Pediatric Ward Rounds at Mulago National Referral Hospital

Eating dinner at New Court View Hotel, Masindi, Uganda- it was a delicious meal

Eating dinner at New Court View Hotel, Masindi, Uganda- it was a delicious meal

Today was a travel day.  We packed up this morning and took off for Masindi around 3pm. We arrived safe and sound at 7pm. Most of us caught up with our sleep on the drive.  We will now be staying in cute little huts. Each hut is its own room.  We will be eating most of our meals outside in cabannas, which is pretty cool.  Everyone agreed our first night’s dinner was delicious.

A Blog Post by Hanna Raber, PGY1 Resident

I was fortunate enough to spend some time in the pediatric wards with one of the pharmacy interns, Ivan. After 4 years of pharmacy school the Ugandan pharmacy students graduate and then spend 1 year as a pharmacy intern working in a hospital. After intern year (which is similar to our rotation year except with a modest income) the interns look for jobs either managing community pharmacies or working in a hospital. I was really looking forward to being in the pediatric ward with Ivan as I knew that we would have the opportunity to participate in ward rounds. I was very excited to compare rounds here in Uganda with what I have experienced back in the United States.

Ivan is sitting on the right in the second row with the white coat. There is a Sanford's guide on the table near him.  He participated by answering questions from Lizzie's talk.

Ivan is sitting on the right in the second row with the white coat. There is a Sanford’s guide on the table near him. He participated by answering questions from Lizzie’s talk.

First to compare: rounds consisted of physicians (local and visiting), medical interns, medical students, and us pharmacy interns. The structure of rounds was essentially the entire group would go from crib to crib and discuss the patient as a team. Typically a medical student would present the patient to the group and it seemed that a medical intern (or resident as they are called in the States) would also be assigned to each patient and would fill in the gaps if needed. Then there would be some minor “grilling” of the medical student presenting conducted by the physicians. To contrast: there are about 20 patients all situated in the same small ward (as opposed to in the U.S where many patients have their own room or share with only one other patient). There is also a caretaker for each patient (a family member usually who is responsible for feeding, cleaning, and administering medications to the patients) and sometimes multiple other family members all crowded around the patient beds which are only a few feet away from the next patient beds. So to pack around a single patient to do wards was challenging with nearly 15 people on rounds. This means there would be quite a bit of background noise (you can imagine with 19 other pediatric patients and family members in the same room).That combined with the fact that Ugandans tend to be more soft spoken it was rather difficult to hear. However what I was able to hear was very interesting. One case there was a small baby with suspected downs syndrome. This could not be confirmed by genetic testing as we would do in the U.S and instead the medical students had to rely on signs from this 3 month old baby in order to make a diagnosis.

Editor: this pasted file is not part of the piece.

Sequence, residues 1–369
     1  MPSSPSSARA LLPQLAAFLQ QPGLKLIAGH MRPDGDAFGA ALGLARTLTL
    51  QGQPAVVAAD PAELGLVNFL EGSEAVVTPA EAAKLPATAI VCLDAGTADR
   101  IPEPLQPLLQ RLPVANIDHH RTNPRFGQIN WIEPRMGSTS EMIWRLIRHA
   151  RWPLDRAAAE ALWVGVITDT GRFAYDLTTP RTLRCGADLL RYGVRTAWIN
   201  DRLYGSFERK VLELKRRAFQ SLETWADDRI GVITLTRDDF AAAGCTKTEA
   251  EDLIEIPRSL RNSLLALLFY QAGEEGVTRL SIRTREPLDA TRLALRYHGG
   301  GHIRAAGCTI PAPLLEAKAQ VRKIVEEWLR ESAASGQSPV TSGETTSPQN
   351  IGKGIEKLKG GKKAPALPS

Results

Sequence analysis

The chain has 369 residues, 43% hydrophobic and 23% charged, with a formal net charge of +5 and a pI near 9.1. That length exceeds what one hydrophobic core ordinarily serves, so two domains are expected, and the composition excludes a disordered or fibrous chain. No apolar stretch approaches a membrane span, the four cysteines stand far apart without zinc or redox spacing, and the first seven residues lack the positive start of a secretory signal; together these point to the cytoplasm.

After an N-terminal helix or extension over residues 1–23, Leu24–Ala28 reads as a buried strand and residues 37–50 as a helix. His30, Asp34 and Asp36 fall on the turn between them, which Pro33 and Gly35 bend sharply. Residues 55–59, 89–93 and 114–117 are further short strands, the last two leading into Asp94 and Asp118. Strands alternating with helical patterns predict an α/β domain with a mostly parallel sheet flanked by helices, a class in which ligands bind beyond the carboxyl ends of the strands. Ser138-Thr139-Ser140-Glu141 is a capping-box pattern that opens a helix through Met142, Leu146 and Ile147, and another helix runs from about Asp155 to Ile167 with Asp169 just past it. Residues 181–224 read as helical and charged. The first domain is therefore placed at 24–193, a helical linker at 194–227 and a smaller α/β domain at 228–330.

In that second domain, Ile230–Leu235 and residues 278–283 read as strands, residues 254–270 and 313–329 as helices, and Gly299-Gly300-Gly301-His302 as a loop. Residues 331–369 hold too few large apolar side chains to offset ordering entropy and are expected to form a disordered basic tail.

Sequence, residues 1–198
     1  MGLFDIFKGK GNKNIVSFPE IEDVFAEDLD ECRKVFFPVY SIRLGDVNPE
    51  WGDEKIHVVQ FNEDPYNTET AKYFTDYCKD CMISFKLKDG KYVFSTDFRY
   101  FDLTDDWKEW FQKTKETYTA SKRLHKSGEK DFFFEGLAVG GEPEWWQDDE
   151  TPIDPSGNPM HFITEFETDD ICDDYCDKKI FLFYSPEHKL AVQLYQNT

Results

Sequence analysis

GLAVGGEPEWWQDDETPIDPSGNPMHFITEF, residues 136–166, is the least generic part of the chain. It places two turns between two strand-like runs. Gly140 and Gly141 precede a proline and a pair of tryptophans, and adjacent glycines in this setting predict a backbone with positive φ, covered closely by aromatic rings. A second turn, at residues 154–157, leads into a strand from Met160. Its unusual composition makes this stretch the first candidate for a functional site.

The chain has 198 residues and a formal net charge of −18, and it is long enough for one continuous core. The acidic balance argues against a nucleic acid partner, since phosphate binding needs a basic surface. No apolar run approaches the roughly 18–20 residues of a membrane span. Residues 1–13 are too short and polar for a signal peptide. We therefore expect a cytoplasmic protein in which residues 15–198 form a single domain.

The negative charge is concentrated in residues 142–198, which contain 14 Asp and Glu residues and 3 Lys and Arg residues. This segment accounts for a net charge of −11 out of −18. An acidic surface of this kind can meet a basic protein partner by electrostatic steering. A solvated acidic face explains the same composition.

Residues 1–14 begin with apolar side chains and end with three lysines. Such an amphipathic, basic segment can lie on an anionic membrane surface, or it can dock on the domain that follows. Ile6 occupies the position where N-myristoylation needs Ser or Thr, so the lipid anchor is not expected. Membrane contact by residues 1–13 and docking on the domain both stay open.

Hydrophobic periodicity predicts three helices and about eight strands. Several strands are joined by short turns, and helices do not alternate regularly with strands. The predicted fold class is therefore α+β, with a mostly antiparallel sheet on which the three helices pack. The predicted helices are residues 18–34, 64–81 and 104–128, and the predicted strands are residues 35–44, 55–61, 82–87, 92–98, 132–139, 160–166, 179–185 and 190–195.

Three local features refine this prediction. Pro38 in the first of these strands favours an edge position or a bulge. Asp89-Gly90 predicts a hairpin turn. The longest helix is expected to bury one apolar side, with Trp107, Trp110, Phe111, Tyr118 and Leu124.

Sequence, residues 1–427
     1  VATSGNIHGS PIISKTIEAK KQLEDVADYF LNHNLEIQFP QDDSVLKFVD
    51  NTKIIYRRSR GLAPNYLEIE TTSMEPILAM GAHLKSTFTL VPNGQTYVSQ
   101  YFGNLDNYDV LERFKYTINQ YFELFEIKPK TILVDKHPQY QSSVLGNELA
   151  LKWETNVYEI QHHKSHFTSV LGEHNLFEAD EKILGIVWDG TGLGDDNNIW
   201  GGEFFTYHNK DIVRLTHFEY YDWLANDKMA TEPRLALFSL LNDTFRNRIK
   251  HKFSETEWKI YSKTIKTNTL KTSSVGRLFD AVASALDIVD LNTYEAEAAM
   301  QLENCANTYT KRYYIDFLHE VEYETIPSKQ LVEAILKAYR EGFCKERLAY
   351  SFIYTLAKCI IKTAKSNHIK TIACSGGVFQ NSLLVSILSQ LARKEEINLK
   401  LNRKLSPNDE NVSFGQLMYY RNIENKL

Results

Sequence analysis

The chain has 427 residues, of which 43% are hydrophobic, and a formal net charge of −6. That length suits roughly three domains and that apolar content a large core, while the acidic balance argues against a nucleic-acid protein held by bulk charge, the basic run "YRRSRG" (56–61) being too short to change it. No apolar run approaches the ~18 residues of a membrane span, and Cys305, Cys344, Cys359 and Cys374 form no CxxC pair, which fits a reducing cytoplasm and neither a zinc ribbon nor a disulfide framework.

The most impressive part of rounds was being able to witness Ivan, the Ugandan pharmacy intern, participate as part of the medical team. He was asked multiple questions during rounds about availability and preferred regimens and he also spoke out multiple times with clarifications. He did an excellent job demonstrating to those participating in rounds why having pharmacists present is valuable to patient care. This was especially important because having pharmacists participate in clinical activities such as patient rounds is a relatively rare occurrence in Uganda (although a shift is happening thanks to the work of Dr. Bohan and other faculty at Makerere University) and not all physicians are used to utilizing a pharmacist in this way. Ivan had a thorough knowledge of what medications were available and was able to offer alternatives when the team selected an antibiotic that was unavailable or out of stock. This was very valuable to the team because they were instantly able to modify the treatment plan rather than order a medication that was unavailable and risk a delay in administration or even a missed dose. Overall it was a really great experience to spend time in the pediatric ward and to witness what a difference pharmacists are making here in Uganda.

About kbohan

Professor, Department of Pharmacy Practice Binghamton University School of Pharmacy and Pharmaceutical Sciences Binghamton, NY USA
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